Cash sales accounted for 31.7% of total home sales in the Greenville-Anderson-Mauldin MSA in December 2016, a five percentage point decrease compared with December 2015. The cash sales share in Greenville-Anderson-Mauldin was lower than the 33.1% national rate for December 2016, according to data company CoreLogic.
The national cash sales rate is down 1.3 percentage points year over year from December 2015. For the full-year 2016, the cash sales share was 32.1 percent, 2.2 percentage points below the full-year 2015 share, and the lowest annual cash sales share since 2007 when it was 27%, according to the CoreLogic report. The cash sales share peaked in January 2011 when cash transactions accounted for 46.6% of total home sales nationally. Prior to the housing crisis, the cash sales share of total home sales averaged approximately 25%. If the cash sales share continues to fall at the same rate it did in December 2016, the share should hit 25% by mid-2019.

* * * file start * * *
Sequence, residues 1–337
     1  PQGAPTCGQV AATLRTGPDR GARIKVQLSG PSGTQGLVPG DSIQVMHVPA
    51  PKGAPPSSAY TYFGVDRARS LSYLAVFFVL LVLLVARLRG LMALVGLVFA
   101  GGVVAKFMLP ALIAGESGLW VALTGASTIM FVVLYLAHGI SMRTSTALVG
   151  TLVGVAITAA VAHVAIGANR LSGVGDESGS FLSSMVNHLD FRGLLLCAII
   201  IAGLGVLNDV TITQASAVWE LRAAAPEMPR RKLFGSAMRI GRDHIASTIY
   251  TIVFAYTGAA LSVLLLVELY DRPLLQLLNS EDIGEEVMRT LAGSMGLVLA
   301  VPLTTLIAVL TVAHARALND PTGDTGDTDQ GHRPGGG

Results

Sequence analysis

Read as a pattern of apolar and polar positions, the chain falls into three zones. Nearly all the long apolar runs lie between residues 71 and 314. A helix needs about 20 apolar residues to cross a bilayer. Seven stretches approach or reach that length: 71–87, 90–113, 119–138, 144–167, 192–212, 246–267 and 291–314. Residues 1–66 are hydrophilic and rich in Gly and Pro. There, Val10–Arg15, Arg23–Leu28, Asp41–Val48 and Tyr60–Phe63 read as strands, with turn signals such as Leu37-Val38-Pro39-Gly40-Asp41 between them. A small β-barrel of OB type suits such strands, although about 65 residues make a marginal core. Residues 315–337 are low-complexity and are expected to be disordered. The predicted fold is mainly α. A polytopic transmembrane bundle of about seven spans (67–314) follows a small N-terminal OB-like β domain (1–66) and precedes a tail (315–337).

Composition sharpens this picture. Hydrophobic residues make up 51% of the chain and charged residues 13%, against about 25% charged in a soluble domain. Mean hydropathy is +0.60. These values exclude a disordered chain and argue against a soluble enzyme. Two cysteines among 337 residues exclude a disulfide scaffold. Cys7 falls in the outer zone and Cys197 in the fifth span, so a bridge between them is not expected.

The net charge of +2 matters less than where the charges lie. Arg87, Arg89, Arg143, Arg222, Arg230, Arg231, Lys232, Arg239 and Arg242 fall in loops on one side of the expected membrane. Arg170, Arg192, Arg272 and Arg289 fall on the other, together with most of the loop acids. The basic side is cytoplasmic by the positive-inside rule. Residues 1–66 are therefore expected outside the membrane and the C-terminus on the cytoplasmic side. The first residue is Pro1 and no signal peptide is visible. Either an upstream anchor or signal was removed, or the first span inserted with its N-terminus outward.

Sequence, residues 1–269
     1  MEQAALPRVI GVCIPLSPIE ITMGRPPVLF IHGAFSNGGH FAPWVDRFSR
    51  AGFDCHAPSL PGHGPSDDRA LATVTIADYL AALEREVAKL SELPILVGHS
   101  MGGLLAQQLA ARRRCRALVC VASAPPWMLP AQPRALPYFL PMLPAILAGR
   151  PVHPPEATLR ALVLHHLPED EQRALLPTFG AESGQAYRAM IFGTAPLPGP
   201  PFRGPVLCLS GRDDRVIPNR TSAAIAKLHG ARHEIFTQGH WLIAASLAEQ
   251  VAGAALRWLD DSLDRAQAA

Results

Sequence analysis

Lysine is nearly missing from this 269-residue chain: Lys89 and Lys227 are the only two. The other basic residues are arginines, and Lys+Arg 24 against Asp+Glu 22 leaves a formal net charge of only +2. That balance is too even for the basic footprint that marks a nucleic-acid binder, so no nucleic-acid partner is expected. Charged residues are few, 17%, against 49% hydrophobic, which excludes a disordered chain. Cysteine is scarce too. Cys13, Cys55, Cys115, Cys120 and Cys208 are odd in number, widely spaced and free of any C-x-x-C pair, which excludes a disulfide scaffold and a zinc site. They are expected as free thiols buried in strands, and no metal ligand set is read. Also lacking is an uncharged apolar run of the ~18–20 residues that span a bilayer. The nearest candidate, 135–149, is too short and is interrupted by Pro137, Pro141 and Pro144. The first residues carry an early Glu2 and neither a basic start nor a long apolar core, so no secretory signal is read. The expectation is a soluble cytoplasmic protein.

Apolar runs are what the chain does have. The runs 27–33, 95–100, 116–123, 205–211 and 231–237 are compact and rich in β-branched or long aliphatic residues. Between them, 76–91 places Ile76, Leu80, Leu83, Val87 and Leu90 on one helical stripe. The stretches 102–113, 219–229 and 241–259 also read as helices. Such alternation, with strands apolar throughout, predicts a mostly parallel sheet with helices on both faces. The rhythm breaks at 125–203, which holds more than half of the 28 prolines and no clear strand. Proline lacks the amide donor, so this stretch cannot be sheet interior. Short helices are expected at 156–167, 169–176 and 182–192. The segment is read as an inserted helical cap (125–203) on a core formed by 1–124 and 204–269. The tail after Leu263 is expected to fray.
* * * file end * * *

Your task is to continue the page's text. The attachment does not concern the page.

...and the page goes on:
New York had the largest cash sales share of any state at 47.9%, followed by New Jersey (47.6%), Alabama (46.1%), Michigan (44.3%) and Florida (42.1%).
Also from CoreLogic:
- Real-estate owned sales had the largest cash sales share in December 2016 at 61.1%.
- Short sales had the next highest cash sales share at 34.2%, followed by resales at 33% and newly constructed homes at 16.7%.
- The full-year distressed sales share for 2016 was 8.9%, the lowest annual distressed sales share since 2007 when it was 6%.
Real-estate owned sales made up 5.8% and short sales made up 2% of the national distressed sales share in December 2016. The distressed sales share of 7.8% in December 2016 was the lowest distressed sales share for any month since October 2007, the report said.
All but nine states recorded lower distressed sales shares in December 2016 compared with a year earlier. Maryland had the largest share of distressed sales of any state at 17.9% in December 2016, followed by Connecticut (17.6%), Michigan (15.8%), New Jersey (15.5%) and Illinois (13.6%). North Dakota had the smallest distressed sales share at 1.3%. While some states stand out as having high distressed sales shares, only North Dakota, Utah and the District of Columbia are close to their pre-crisis levels. each within one percentage point, according to the report.